ESPN's Rob Neyer is convinced he knows the problem:

"It's fairly obvious what's happened: Granderson is hitting more fly balls. There's nothing exceptional about his strikeout or walk rates. But nearly 50 percent of his batted balls have been fly balls, after entering this season with a career rate slightly higher than 40 percent. More fly balls means more home runs, but they also mean (typically) a lower batting average."

Reboot Directions: Hitting fewer fly balls could certainly help. The BABIP will almost certainly improve next year, making his overall numbers look better. But a little rethinking of Granderson's potential may also be in order. His career year in 2007 was significantly helped by a BABIP that he's not likely to repeat, and fans would do well not to expect those numbers — or a batting average over .300 — on a yearly basis. He's a useful offensive player, but he's not a slugger. The more fans adjust their expectations, the more likely he is to meet or exceed them.

* * *

Fausto Carmona, Cleveland Indians It's looking more and more like the Fausto Carmona of 2007 is a mirage, never to return. The current Carmona isn't always a disaster — he had a 2.79 ERA over five starts from July 31 to August 23 — but since then he's given up 26 earned in 22 2/3, and opponents are OPSing over 1.000 against him. He doesn't strike people out, his control isn't great, and his once-otherworldly sinker is deserting him, as his groundball to flyball ratio has decreased from 1.82 in 2007 and 1.8 in 2008 to just 1.2 this year. If his pitches aren't sinking, what does he have left?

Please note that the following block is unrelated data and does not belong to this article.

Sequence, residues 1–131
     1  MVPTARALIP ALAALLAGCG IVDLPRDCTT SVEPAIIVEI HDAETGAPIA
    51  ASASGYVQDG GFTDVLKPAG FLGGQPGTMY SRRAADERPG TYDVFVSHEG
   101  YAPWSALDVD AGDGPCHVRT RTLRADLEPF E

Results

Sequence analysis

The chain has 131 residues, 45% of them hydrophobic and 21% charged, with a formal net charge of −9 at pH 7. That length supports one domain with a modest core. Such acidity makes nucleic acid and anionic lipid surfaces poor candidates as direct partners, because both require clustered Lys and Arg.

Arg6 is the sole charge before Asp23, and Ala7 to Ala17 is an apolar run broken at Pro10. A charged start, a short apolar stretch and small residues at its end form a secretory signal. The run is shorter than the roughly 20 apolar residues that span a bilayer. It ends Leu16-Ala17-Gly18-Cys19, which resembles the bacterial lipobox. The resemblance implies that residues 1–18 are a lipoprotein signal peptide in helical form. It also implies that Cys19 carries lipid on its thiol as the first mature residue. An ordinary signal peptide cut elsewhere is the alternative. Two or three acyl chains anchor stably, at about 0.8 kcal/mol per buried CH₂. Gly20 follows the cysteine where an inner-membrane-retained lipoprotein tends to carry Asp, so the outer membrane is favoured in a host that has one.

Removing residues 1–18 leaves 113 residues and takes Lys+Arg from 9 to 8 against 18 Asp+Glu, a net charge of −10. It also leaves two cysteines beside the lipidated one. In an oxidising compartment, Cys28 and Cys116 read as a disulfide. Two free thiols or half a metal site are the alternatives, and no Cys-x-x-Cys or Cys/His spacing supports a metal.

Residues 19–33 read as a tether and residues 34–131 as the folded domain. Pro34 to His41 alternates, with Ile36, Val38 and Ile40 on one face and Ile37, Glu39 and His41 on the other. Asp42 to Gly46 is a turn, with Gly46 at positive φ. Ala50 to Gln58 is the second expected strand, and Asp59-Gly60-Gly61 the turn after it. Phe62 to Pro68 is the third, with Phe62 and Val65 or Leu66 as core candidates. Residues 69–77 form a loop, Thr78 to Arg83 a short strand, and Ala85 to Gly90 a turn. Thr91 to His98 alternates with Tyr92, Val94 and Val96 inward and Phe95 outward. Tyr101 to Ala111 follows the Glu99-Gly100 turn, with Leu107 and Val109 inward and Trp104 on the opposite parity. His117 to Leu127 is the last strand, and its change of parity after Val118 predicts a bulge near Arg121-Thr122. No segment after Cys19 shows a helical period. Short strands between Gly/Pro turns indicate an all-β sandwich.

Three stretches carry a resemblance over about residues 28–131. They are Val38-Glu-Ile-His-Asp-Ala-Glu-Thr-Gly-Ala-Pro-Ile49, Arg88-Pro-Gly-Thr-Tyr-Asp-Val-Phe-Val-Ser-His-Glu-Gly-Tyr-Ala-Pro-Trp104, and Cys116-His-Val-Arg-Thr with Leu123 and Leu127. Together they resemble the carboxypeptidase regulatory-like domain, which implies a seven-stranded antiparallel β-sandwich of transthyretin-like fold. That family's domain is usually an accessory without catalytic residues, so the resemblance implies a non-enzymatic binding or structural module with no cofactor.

Matt Cain, San Francisco Giants Matt Cain is busy putting together the best season of his career, but I'm sure he'd like a mulligan on the last couple weeks. With his team's playoff hopes fading fast, he's been pitching like a guy who doesn't have a whole lot left in the tank, a 6.91 ERA in his last five starts. This is his fourth straight season with more than 190 innings, and he won't turn 25 for another week. The Giants have ridden their baby aces hard the last couple years. It might be time to rein them in.

Kosuke Fukudome, Chicago Cubs You can write a script for a Fukudome season — a torrid April, followed by slump after slump. In September, he has gone 15-for-81, good for a .185 average and .574 OPS. He also hasn't homered in more than a month. All told, he's hit modestly better this year than last year, upping his OBP by 16 points and his slugging by 32, but few North Siders would argue he's earned the $11.5 million his contract paid this year, or have much faith that he'll be worth the $26.5 he's still owed through 2011. All in all, his offensive profile hasn't much changed from 2008: he has a very good walk rate but below-average home run power, and good range for right field but not great in center. Those walks and his gap power make him useful, but he isn't a star and shouldn't be getting paid like one.

What to Read Next